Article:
The 10 Movies I Plan to See This Week

One thing I absolutely love about my job is the free movies. I don’t have to be discriminating in my choices. I don’t have to toil over whether I actually want to see something or not. I just go see it and that’s it.

This week, I’m only working 1 1/2 days because of the holiday and some vacation, so I figured it was as good a time as any to get caught up on some movies. As I started to look at the list of stuff that was in the, “Yeah, I’ll see that…” category, it’s pretty long.

So here’s what I’m going to attempt to see before I come back to work next Monday:

UPDATE: just found out Woody Allen’s latest, To Rome With Love, arrives in KC tomorrow, so we’re adding that one too.

And I also plan to eat a lot. Should be an amazing vacation. It’s a good thing when the company you work for gives you something that you want to do on your vacation. Are there any movies I’m missing?

Trailer for ‘On The Road’

I read On the Road first when I was 21 and again when I was almost 30. I didn’t get it the first time. I sure as heck understood it the second time around.

The trailer gets extra props for using my favorite quote from the book:

But then they danced down the streets like dingledodies, and I shambled after as I’ve been doing all my life after people who interest me, because the only people for me are the mad ones, the ones who are mad to live, made to talk, mad to be saved, desirous of everything at the same time, the ones who never yawn or say a commonplace thing, but burn, burn, burn like fabulous yellow roman candles exploding like spiders across the stars and in the middle you see the blue centerlight pop and everybody goes “Awww!”

Looks like a really interesting cast. Garrett Hedlund really impressed me in Country Strong and in my opinion, Kristen Stewart keeps getting better.

Source: AMC Movie News Tumblr:

Why The Muppets Should Win an Oscar

Consider this the beginning of my official letter-writing campaign to get at least one Oscar for The Muppets, one of my favorite movies of the year.

I looked forward to Jason Segel and James Bobin’s take on my favorite Jim Henson characters for a while and when it finally reached the screen, it was everything I’d hoped for and more. It had the feel of one of the classic Muppet movies and yet, it felt updated for today’s audience.

One of my favorite parts of the movie was the terrific soundtrack that was overseen by music supervisor, Bret McKenzie, aka Rhymenocerous, aka one half of Flight of the Conchords.

McKenzie was responsible for the opening number, “Life’s a Happy Song” and the pivotal “Man or Muppet” song:

My favorite musical moment of the movie, however, comes early on in the plot, when Gary and Walter are trying to convince Kermit to get the gang back together and put on a show. Kermit sings this very sweet, heartfelt tune in the hallway of his office called “Pictures in My Head,” written by Jeannie Lurie, Aris Archontis, and Chen Neeman (produced by McKenzie).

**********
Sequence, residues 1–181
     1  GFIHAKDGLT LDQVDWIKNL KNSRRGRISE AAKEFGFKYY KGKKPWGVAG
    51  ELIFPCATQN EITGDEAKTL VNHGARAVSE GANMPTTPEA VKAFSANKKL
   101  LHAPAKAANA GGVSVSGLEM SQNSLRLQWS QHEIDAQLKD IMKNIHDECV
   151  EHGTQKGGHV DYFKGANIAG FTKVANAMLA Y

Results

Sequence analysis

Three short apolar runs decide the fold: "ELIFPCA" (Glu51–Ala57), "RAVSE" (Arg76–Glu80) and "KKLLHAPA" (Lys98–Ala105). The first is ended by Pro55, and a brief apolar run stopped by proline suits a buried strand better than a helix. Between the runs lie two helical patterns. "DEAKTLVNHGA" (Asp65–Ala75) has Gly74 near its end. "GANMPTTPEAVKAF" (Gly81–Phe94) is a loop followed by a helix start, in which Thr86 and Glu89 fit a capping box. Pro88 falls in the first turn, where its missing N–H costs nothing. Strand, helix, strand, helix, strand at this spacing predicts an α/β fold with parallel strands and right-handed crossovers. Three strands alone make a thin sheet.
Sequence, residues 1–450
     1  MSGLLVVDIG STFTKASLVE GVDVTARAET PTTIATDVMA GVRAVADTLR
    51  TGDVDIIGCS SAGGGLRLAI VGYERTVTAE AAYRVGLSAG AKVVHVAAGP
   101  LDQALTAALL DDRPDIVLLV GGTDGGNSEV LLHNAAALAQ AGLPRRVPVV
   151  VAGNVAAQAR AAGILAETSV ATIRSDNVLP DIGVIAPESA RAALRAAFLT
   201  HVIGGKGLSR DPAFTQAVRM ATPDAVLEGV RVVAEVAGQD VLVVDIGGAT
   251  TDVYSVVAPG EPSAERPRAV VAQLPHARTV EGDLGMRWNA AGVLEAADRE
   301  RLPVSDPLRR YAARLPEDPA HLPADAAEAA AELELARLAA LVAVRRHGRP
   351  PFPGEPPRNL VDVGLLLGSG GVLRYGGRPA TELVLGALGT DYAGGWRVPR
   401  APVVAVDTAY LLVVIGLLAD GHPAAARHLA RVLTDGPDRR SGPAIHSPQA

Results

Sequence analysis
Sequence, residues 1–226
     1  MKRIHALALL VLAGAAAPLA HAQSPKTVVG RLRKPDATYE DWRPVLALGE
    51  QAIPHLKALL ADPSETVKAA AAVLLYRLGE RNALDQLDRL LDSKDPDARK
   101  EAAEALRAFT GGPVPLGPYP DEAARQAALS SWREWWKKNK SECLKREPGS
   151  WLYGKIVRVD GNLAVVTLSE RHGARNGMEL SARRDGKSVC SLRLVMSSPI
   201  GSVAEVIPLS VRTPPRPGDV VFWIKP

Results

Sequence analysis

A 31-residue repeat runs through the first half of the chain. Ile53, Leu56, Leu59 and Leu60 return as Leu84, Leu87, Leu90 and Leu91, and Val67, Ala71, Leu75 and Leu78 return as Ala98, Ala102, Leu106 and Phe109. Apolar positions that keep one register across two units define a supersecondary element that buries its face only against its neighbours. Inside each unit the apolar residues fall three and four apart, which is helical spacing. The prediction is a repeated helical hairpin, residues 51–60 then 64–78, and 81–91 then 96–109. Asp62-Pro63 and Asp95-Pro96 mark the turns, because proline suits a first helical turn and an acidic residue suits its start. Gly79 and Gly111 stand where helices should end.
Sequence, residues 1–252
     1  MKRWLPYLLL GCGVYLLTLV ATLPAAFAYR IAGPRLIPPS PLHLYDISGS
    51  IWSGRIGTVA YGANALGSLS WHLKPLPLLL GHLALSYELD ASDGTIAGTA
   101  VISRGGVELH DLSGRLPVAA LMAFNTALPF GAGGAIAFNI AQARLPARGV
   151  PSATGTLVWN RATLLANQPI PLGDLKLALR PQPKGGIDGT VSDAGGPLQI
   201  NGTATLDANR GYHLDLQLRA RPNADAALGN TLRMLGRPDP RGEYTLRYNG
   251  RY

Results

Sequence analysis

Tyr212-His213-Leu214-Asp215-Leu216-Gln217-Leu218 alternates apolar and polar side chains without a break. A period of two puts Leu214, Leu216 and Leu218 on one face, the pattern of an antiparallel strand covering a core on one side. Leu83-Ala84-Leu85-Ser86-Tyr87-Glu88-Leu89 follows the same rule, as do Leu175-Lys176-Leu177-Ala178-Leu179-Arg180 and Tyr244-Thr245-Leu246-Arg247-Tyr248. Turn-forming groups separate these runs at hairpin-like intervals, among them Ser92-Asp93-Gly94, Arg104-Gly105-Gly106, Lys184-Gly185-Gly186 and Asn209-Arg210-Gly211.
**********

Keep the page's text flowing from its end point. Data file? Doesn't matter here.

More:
That song represents what I think a lot of people love about the Muppets. Sure they are nostalgic and a little corny, but they are also a beloved part of pop culture and American society. Jim Henson’s creations have always been a favorite of mine and I’m so glad that their movie delighted so many people this year.

My hope is that the Academy Awards this year will acknowledge the great songwriting of McKenzie and his team and at least nominate one song for an Oscar. I’d prefer if it was “Pictures in My Head”, but honestly, the whole soundtrack is great and I’d be happy with just one song being recognized. I truly can’t think of a reason why they shouldn’t be nominated. Randy Newman’s been nominated time and time again. Why can’t The Muppets?

Clever songwriting at pivotal times during the film…what are the actual requirements for a song to be nominated for “Best Song”? Whatever they are, I am unaware of any reason why The Muppets don’t qualify or are not deserving.

I encourage you to tweet #muppetsbestsongoscar if you agree with what I’m saying. Who knows? Maybe we’ll be able to inspire some voters online.

Cities as Living Things

I saw this video from Mindrelic (via Cameron) and I just fell in love with it.

Last week, Alli and I saw Woody Allen’s latest film, Midnight in Paris, and I adored it. It was one of those movies that just makes you smile the whole time. During the movie, there is a conversation between two of the characters where they talk about the life of a city that is independent of its inhabitants — that a city lives and breathes like an organism does.

Now, I’m no fan of Woody Allen’s, but this idea was something that I really remembered from the movie. I thoroughly enjoyed the film (by far my favorite of Allen’s 586 films he’s made) and if I took anything away from it, it was this idea that we much like the blood cells of the living organism that is the place that we inhabit…we have a structure and life all our own, but we contribute to the life of something larger.